The male Canada goose usually weighs 2.6–6.5 kg (5.7–14.3 lb), averaging amongst all subspecies 3.9 kg (8.6 lb). The female looks virtually identical, but is slightly lighter at 2.4–5.5 kg (5.3–12.1 lb), averaging amongst all subspecies 3.6 kg (7.9 lb), and generally 10% smaller in linear dimensions than the male counterparts.[15] The female also possesses a different, and less sonorous, honk than the male.

Distribution and habitat
This species is native to North America. It breeds in Canada and the northern United States in a wide range of habitats. The Great Lakes region maintains a very large population of Canada geese. Canada geese occur year-round in the southern part of their breeding range, including most of the eastern seaboard and the Pacific coast. Between California and South Carolina in the southern United States and northern Mexico, Canada geese are primarily present as migrants from further north during the winter.

By the early 20th century, overhunting and loss of habitat in the late 19th century and early 20th century had resulted in a serious decline in the numbers of this bird in its native range. The giant Canada goose subspecies was believed to be extinct in the 1950s until, in 1962, a small flock was discovered wintering in Rochester, Minnesota, by Harold Hanson of the Illinois Natural History Survey. In 1964, the Northern Prairie Wildlife Research Center was built near Jamestown, North Dakota. Its first director, Harvey K. Nelson, talked Forrest Lee into leaving Minnesota to head the center's Canada goose production and restoration program. Forrest soon had 64 pens with 64 breeding pairs of screened, high-quality birds. The project involved private, state, and federal resources and relied on the expertise and cooperation of many individuals. By the end of 1981, more than 6,000 giant Canada geese had been released at 83 sites in 26 counties in North Dakota. With improved game laws and habitat recreation and preservation programs, their populations have recovered in most of their range, although some local populations, especially of the subspecies B. c. occidentalis, may still be declining.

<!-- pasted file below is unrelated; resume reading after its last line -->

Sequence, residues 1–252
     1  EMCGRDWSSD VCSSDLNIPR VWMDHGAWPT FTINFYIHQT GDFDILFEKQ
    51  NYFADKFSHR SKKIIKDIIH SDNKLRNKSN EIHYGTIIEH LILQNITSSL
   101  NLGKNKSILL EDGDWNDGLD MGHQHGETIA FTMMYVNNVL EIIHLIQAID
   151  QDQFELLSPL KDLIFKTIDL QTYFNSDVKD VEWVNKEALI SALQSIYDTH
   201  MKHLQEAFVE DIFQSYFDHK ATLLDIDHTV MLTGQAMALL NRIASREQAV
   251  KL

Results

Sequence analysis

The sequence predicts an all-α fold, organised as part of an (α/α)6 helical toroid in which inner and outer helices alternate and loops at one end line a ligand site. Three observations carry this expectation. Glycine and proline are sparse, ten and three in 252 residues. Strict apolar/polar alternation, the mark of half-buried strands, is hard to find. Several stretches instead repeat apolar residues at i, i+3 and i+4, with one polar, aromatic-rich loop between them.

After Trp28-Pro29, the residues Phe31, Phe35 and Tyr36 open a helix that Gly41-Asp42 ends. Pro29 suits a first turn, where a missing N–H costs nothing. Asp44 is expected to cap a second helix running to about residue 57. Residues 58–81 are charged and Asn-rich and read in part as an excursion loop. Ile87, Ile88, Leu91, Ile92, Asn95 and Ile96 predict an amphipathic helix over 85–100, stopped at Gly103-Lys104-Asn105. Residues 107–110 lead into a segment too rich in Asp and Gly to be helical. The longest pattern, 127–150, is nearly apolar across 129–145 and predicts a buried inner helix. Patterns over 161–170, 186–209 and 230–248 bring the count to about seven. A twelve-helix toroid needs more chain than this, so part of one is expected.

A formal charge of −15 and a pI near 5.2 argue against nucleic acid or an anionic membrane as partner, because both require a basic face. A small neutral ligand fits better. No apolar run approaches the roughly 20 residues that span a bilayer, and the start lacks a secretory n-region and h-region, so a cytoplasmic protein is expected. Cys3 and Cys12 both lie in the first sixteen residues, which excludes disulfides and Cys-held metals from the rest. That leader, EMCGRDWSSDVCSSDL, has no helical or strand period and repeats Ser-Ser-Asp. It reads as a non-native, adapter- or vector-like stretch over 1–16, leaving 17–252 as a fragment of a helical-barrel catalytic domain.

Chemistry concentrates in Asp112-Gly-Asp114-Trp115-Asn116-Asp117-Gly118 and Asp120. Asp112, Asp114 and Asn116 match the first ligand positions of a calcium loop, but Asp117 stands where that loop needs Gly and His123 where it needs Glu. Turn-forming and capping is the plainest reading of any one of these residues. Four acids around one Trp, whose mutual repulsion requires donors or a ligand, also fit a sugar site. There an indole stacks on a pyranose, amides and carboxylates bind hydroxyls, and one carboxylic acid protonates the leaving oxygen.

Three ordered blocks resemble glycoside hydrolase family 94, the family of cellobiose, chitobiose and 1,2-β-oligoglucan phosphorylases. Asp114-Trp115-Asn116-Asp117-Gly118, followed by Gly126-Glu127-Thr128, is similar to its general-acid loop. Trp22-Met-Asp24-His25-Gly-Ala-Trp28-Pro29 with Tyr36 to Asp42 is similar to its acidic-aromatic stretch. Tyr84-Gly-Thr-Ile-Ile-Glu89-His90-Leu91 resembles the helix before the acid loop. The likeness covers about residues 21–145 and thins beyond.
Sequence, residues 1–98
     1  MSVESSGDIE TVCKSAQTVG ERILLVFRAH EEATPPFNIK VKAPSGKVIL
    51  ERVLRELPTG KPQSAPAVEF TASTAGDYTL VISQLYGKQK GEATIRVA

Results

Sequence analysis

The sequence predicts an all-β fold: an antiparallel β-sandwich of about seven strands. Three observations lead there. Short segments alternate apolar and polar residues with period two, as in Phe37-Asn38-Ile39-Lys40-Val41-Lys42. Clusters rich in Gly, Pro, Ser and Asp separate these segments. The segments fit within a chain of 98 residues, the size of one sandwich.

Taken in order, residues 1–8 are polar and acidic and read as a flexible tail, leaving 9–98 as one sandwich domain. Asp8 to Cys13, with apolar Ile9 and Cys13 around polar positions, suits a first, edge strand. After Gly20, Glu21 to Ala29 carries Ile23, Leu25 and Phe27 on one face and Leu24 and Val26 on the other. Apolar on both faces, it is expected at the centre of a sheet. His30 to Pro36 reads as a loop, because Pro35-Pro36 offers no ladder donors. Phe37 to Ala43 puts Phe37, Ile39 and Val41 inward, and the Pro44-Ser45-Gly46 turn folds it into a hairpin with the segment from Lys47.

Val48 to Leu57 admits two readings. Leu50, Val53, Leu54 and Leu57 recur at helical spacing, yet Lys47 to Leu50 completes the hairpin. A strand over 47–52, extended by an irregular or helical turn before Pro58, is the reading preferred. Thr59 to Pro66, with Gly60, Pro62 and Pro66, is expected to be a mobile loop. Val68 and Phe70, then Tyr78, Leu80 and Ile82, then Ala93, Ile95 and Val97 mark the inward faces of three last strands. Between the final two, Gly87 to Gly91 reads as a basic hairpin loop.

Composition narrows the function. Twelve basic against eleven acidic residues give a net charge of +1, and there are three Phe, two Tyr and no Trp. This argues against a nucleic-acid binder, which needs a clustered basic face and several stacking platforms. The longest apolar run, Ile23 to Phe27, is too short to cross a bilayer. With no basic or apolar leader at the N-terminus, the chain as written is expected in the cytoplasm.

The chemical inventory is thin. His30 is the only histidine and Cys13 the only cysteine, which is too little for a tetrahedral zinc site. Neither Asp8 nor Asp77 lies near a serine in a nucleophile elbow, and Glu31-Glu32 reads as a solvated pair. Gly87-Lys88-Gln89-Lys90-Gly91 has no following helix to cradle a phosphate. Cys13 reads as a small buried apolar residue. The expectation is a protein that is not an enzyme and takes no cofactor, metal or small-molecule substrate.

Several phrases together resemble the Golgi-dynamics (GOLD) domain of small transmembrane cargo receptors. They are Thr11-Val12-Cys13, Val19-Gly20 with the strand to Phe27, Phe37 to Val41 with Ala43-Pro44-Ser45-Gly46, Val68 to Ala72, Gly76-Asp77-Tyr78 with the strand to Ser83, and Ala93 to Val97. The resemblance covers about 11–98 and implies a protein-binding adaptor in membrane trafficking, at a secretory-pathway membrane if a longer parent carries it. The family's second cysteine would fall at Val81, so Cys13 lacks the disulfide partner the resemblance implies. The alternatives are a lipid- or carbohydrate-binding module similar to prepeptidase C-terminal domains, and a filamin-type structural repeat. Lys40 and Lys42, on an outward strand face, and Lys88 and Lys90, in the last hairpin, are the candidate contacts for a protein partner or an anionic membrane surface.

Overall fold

In recent years, Canada goose populations in some areas have grown substantially, so much so that many consider them pests for their droppings, bacteria in their droppings, noise, and confrontational behavior. This problem is partially due to the removal of natural predators and an abundance of safe, man-made bodies of water near food sources, such as those found on golf courses, in public parks and beaches, and in planned communities. Due in part to the interbreeding of various migratory subspecies with the introduced nonmigratory giant subspecies, Canada geese are frequently a year-around feature of such urban environments.